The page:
This article is from the archive of our partner .

President Obama has decided not to attend a joint U.S.-EU summit in Madrid in May. The move, of course, was immediately pronounced a snub, an insult to Spanish Prime Minister Zapatero, and a diplomatic row. But as time has passed, cooler appraisals have prevailed, and even European editorials are now calling the decision reasonable. In fact, a number of commentators agree that the summit would have been a waste considering European disunity.


  • Obama's 'Well-Known Allergy to International Summits,' says Ronald Flamini, is only part of the picture: "Europeans must accept a lot of the blame for disappearing off Obama's radar screen. Is there much point to these twice-yearly E.U.-U.S. summits, when lack of European cohesion continues to offer Washington backdoor access to the governments that it wants to do business with when and as it needs to?" Furthermore, he argues, the post-Lisbon-Treaty Europe has done little to show itself worthy of more attention.
  • 'Conversations that Matter' British publication The Independent's Adrian Hamilton says you can "call it a snub if you like, but the simpler explanation is that he simply saw no point in it. And he is right." Hamilton also tells Europeans not to wail about this being the consequence of European disunity: "The real lesson of Obama for Britain is that ... the new President is no longer interested in dealing with 'special relationships' any more than unions which can't get their act together."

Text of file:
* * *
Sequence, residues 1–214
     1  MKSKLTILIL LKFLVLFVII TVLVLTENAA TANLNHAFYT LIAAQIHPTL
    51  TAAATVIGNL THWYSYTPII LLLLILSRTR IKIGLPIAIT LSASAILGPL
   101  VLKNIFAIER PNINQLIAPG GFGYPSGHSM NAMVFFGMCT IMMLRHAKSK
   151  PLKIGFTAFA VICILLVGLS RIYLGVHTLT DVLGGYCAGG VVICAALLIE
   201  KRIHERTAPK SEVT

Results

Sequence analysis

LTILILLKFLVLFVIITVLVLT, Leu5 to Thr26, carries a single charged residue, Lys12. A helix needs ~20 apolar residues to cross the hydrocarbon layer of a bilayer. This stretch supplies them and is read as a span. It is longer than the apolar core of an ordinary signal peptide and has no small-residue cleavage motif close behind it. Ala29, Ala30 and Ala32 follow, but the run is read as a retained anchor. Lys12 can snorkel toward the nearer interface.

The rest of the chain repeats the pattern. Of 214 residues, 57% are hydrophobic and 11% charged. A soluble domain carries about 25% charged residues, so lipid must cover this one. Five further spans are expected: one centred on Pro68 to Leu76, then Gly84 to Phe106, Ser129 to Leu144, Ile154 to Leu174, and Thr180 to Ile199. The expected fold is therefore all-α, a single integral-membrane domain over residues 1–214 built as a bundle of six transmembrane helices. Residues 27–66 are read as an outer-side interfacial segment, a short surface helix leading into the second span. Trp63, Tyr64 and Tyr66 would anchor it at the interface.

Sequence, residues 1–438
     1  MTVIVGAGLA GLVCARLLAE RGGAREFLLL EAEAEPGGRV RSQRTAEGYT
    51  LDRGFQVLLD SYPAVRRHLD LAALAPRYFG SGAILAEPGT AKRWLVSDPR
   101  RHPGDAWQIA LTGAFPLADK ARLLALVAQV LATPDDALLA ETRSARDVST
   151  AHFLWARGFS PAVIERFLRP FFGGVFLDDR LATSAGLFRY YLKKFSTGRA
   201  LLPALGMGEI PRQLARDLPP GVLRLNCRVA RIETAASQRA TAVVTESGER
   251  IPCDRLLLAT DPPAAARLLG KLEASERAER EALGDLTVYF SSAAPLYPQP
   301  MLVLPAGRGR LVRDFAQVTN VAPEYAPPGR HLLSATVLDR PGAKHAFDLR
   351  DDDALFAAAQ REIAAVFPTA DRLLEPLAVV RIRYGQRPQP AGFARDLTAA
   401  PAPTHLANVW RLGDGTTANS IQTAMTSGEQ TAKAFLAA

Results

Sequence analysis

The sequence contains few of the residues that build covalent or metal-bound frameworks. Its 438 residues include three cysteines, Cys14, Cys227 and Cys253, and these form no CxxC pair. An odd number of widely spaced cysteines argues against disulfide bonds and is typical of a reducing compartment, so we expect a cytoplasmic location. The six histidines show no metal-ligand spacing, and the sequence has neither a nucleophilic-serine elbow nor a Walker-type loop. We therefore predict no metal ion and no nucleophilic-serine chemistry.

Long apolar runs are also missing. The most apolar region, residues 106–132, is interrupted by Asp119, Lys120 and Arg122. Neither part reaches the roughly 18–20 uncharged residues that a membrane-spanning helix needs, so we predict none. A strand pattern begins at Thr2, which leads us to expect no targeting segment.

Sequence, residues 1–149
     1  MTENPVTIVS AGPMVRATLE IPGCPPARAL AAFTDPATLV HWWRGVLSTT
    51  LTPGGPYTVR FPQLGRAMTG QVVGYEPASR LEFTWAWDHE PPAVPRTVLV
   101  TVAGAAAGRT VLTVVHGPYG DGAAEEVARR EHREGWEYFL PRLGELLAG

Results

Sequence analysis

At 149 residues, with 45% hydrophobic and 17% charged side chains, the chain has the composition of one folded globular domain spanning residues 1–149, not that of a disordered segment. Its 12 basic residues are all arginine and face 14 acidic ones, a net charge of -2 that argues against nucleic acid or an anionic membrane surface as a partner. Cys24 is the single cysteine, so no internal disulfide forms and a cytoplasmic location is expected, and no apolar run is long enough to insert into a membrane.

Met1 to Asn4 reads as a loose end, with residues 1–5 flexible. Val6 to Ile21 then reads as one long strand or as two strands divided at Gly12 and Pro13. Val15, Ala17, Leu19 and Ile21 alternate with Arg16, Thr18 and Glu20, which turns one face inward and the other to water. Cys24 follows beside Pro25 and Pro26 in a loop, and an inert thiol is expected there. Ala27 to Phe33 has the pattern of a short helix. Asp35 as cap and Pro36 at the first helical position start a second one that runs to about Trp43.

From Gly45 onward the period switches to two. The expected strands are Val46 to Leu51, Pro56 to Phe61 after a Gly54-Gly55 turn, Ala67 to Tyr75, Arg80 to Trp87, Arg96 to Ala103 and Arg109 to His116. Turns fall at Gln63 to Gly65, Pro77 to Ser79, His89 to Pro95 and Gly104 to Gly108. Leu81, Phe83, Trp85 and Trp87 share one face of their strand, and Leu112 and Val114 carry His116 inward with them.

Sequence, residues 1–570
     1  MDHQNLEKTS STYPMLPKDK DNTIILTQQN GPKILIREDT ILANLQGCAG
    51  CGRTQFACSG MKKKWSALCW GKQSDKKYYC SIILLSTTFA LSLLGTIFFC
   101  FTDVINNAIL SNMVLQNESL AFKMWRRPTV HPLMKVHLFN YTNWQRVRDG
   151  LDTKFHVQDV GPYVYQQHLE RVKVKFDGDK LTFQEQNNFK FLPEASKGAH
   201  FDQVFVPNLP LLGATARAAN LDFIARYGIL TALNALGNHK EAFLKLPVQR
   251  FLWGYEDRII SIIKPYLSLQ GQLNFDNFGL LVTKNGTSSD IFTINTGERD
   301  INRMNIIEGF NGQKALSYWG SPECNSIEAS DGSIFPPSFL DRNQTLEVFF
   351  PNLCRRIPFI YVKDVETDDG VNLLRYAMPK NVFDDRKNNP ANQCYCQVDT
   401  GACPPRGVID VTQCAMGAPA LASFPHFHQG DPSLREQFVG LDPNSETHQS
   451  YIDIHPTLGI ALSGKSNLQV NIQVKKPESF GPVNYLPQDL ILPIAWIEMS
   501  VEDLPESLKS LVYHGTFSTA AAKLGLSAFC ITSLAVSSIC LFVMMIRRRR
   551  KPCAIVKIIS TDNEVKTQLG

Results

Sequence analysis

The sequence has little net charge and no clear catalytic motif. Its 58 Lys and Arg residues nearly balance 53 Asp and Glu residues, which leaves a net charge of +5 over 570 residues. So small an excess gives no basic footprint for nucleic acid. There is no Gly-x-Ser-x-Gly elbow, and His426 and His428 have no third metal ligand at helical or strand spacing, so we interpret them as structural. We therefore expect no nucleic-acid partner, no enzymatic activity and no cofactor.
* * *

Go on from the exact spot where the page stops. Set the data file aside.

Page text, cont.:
• Well Done, Obama "I see the whole thing as a positive development all around," declares Foreign Policy's Stephen Walt. "Obama's absence is an ideal opportunity to show they are beginning to stand on their own two ... feet after a half-century of supine dependence on Washington (De Gaulle notwithstanding)." Also, the American president has "plenty of other problems to deal with these days, and Europe is perhaps the one major part of the planet that doesn't need his attention right now."
  • 'Europeans Can Only Blame Themselves,' mourns the French Le Monde. Europe "has attested that it is not an important strategic partner. It is its responsibility to draw the lesson from this, if it does not wish to find itself marginalized again."
  • Post Pages Divided John Bruton, former president of the Council of the European Union, is--unsurprisingly--disappointed, writing as much in The Washington Post. He believes "that regular top-level contact between teh European Union and the United States is a good use of time." The Post's Anne Applebaum, however, thinks Obama made the right choice: "I am fed up with the endless procedural debates," she acknowledges.

This article is from the archive of our partner The Wire.

We want to hear what you think about this article. Submit a letter to the editor or write to letters@theatlantic.com.